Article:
Instruments for Learning: Veggie Shakers

A new series of posts, inspired by my friend and colleague Rachelle Norman (see her “Tools of the Trade” series here). I plan to write posts on various instruments and tools I use in my music therapy practice to give you other therapists some ideas, or reiterate your own ideas, and give you laymen an answer to the question “just what DOES she do with those?” This is post #1 in the series.

The “veggie shakers” shown above are my new favorites. Produced (ha, pun intended?) by Nino Percussion, they are technically called “Botany Shaker Set, Vegetable Assortment” and can be found here. How appropriate they are for the season, when everyone is out planting their gardens, and later in the spring and summer when farmers markets are popping up everywhere! My clients, children and adults alike, love these instruments! Not only are they fun to play (each one has a different level of tactile stimulation), they’re fun to look at and stimulate great discussion about gardening, foods, nutrition, and the like.

Recently I took the folk song by Pete Seeger, “Garden Song,” (known by many as “Inch by Inch”) and modified it to fit my needs with individual clients as well as in the group setting, while highlighting these instruments. Not only does the intervention stimulate seasonally appropriate discussion and reality orientation, but it gives me the opportunity to work on object identification, matching through use of picture cards and creative expression through songwriting. The sound clip below is my version of the song, as modified for each vegetable used. Notice how I alternate the line “God bless the seeds we sow” on every other verse in the recording. I don’t do that in my session, but I wanted to show how you can modify it to say “someone bless the seeds we sow” in the event that you need to.

inchbyinch

I use the same format for songwriting purposes, and tailor it to the needs and abilities of my clients. One example, written by a group just yesterday, is as follows:

“We plant seeds and watch them grow. Vegetables come from the ground below. Potatoes, Celery, Corn and Cabbage, all veggies for me and you.”

Obviously this was presented in a fill-in-the-blank format, with each group member being encouraged to think of a vegetable (different than those represented by the shakers) to add to the list. For one, I was encouraging appropriate nonverbal communication (via sign language), as she’s deaf and is being encouraged to increase meaningful communication. For another, I was encouraging spontaneous speech. For another, I was working on increased feelings of self-worth and independent thinking (she typically needs much reassurance and has a difficult time voicing her own opinions). Who knew 4 cute veggie shakers could do so much?!?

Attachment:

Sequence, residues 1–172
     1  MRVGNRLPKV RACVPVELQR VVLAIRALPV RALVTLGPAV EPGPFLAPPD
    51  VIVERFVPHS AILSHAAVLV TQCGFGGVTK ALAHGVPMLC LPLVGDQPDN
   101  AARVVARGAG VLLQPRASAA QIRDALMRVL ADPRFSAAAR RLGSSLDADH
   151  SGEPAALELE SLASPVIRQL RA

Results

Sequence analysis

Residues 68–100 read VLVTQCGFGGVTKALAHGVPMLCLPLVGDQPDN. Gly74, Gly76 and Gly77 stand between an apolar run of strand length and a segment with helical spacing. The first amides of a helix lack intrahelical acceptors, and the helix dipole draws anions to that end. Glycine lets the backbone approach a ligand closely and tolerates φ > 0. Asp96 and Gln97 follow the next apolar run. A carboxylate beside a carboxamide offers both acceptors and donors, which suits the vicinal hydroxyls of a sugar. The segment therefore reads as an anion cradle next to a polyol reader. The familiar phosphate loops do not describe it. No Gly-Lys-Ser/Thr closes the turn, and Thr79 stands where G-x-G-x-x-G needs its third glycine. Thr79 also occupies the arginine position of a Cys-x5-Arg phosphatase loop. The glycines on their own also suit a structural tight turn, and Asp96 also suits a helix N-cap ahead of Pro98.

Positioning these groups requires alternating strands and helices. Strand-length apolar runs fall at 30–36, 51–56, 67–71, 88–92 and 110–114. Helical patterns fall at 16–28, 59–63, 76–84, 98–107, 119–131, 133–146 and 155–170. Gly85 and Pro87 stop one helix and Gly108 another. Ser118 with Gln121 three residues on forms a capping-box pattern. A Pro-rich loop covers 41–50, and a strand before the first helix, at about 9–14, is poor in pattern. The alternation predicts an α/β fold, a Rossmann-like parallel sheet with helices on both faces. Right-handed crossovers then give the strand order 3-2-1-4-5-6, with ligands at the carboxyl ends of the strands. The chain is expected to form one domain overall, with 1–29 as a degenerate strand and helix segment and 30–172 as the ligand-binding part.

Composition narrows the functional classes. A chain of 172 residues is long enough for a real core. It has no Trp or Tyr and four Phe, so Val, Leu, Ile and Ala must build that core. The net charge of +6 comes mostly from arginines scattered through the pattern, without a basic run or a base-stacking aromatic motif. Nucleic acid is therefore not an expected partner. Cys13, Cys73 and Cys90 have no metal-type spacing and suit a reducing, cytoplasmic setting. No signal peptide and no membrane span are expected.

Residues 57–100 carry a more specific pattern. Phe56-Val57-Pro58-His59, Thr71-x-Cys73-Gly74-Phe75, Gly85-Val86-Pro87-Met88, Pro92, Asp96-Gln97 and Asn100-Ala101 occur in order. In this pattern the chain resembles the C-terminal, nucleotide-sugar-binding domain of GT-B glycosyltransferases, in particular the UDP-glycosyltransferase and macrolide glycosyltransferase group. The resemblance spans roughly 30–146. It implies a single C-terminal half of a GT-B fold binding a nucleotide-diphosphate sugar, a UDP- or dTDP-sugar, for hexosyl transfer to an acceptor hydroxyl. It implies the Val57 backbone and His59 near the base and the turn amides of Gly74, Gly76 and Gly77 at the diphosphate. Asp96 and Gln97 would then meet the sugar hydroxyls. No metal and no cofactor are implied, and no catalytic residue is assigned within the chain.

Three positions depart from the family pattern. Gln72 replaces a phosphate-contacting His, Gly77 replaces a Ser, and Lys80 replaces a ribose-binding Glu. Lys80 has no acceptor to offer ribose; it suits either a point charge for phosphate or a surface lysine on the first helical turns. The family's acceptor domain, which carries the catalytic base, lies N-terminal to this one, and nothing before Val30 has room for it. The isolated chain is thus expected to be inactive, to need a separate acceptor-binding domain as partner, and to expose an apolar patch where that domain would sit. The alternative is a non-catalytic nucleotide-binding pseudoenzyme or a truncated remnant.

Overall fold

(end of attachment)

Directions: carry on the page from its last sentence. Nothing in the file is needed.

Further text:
Nino Percussion also makes Fruit Shakers which I use a lot as well. While I sometimes use the same melody as you heard above, substituting words as appropriate or turning it into a songwriting intervention in itself, I am partial to Rachel Rambach’s “Shaky Fruit” song (find it here). I’m giving you fair warning, though, because once you sing it, you’ll be singing it ALL DAY. 🙂

While searching for the link to place on the veggie shakers above, compliments of West Music, I stumbled upon Basic Beat’s Corn Shaker. WHAT?!? How did I not know about this? Definitely purchasing this! I love it! When I was in college at the University of Evansville (Go ACES!), our music therapy department had an awesome set of shakers that consisted not only of these fruits and vegetables, but several others (including a tomato, potato, and kiwi, among others). I have searched long and hard for this set, only to find that (gasp!) it is no longer being made. If anyone knows of any more botany shakers, please pass the word. I’m currently brainstorming on ways to make some. After all, why do I have an eggplant, of all things, but not a tomato or potato?

In any event, I hope I’ve enlightened you somewhat on the therapeutic use of produce (in shaker form). Happy playing!

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About therapeuticharmony

I'm a music therapist with a private practice, Therapeutic Harmony, L.L.C., providing services to children and adults with disabilities in Barry and Lawrence counties, Missouri.
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7 Responses to Instruments for Learning: Veggie Shakers

  1. soundscapemusictherapy says:

    Nice post! (Thanks for the mention, too!) Incidentally, I’ve been playing a recording of the “Garden Song” at the end of several older adult sessions in recent weeks, and I haven’t yet found anyone who recognized it. I think that’s kind of odd, but it does mean it could make a nice melody for a simple songwriting intervention. Thanks for the idea!

  2. You’re welcome, Rachelle! 🙂 I’ve noticed that many of my staff members don’t know it, which surprised me as well. I think I knew it before, but I learned it well during my internship. Strange how songs circle back around.

  3. I was also going to say that it is a great song for reminiscence in itself. I used to do it with my geriatric hospice patients and ended up learning the best fertilizer to use, the best time to plant many vegetables, and just how possible it is to dry EVERY kind of vegetable on a rooftop in Oklahoma in the middle of August. 🙂

  4. Susan says:

    So funny that you posted this last week – two weeks ago I used “The Garden Song” and Veggie Shakers in my large group sessions with adults with disabilities. In the same session, we wrote a piggyback song “If I Had a Garden” to the tune of “If I Had a Hammer”. It is amazing the variety of fruits and veggies that we listed in our song – everything from carrots and lettuce to okra and parsnips!

  5. Pingback: An Intergenerational Flower Sing-along « Music Sparks

  6. Pingback: Fruit Shakers | Therapeutic Harmony, L.L.C.

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